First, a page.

Infrastructure Systems

Smart and Resilient Energy Systems

Yufei Tang, Ph.D. Led by Yufei Tang, Ph.D.

Yufei Tang is an Assistant Professor in the Department of CEECS and a Faculty Fellow of I-SENSE at Florida Atlantic University (FAU), where he is also the director of the Intelligent and Resilient Systems (IRS) Research Group. He received his Ph.D. in Electrical Engineering from the University of Rhode Island (URI) in 2016. His research interests are Machine Intelligence and Cyber-Physical Systems. In particular, he is interested in developing new intelligent algorithms (e.g., deep machine learning, large-scale network data mining) and building efficient and resilient cyber-physical Energy systems (e.g., renewable energy control and monitoring, critical infrastructure systems resilience).


PROJECT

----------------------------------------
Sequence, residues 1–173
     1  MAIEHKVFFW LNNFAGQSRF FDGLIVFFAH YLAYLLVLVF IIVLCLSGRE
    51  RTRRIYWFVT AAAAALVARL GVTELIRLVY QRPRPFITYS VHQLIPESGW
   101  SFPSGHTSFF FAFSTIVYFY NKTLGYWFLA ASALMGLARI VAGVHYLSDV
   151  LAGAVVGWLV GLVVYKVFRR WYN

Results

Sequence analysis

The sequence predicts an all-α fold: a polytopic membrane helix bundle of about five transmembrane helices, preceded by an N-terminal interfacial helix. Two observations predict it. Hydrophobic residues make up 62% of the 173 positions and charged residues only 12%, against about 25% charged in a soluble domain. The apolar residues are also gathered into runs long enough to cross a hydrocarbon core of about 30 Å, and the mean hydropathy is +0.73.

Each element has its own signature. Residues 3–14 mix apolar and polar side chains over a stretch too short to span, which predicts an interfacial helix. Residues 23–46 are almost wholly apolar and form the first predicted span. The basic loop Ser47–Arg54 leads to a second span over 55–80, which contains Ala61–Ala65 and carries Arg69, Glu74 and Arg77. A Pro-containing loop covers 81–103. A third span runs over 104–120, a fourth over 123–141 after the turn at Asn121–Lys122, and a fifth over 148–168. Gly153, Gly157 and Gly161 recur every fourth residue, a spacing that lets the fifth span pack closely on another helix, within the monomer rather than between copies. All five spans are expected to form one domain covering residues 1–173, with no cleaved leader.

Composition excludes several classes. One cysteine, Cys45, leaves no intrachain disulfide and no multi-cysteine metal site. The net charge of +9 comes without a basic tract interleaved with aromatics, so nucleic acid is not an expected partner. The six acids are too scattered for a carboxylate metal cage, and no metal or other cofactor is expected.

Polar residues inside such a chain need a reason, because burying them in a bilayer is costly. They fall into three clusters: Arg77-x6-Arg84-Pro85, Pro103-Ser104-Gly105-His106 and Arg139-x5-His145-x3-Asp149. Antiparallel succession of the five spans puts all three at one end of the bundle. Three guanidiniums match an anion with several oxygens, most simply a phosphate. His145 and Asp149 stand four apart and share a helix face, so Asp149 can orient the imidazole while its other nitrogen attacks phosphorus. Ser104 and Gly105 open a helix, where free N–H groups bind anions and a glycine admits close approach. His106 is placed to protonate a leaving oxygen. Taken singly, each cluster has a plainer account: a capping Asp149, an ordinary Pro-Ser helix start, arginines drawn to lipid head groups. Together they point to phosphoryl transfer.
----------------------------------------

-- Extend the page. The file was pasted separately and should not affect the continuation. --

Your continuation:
This project focuses on the development of new architectures and associated algorithms for monitoring and controlling renewable energy installations. Validation of the new designs will leverage a unique dataset acquired from marine renewable energy generation systems as part of an ongoing collaboration with the Southeast National Marine Renewable Energy Center [18]. The long-term research plan, of which this REU project is a part, focuses on reducing operation and maintenance costs, while increasing resilience. The intellectual merit of the proposed REU project is in developing innovative control and monitoring algorithms to improve energy system efficiency and resiliency. While in-stream hydrokinetic energy generation will be a focus, multiple renewable energy generation modes will be considered. The project will significantly advance understanding of critical issues related to next-generation marine renewable energy systems and will create new control and prognostic frameworks to address emerging problems in renewable energy generation and operation. The broader impacts of the project lie in the potential to significantly improve the security, efficiency, and sustainability of the nation's power generation infrastructure. In-stream hydrokinetic electricity production, i.e. production from moving currents without the use of dams, offers the potential for up to 14GW from rivers [40], 50GW from tides [30], and 19GW from ocean currents [29]. This combined power potential is equivalent to 18% of total U.S. power production [5, 84]. The project will provide a meaningful research experience for two REU participants each summer. The participants will develop engineering skills related to renewable energy, electrical power, data analytics, and control. Both students will focus on monitoring and control algorithm design, leveraging existing datasets to support system simulation and experimental analysis.